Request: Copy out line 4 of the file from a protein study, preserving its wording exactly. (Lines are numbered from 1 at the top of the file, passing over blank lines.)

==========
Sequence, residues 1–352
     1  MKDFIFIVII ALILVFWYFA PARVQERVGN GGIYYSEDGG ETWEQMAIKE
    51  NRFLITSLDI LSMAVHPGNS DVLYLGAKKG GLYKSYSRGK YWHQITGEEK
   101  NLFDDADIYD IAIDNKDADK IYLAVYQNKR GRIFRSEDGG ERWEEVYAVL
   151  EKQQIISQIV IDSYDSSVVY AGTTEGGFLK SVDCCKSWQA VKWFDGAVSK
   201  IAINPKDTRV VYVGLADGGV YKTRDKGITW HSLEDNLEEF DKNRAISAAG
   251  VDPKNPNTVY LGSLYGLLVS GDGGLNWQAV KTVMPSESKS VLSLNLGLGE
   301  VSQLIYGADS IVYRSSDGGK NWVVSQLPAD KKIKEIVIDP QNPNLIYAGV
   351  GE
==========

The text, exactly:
   101  NLFDDADIYD IAIDNKDADK IYLAVYQNKR GRIFRSEDGG ERWEEVYAVL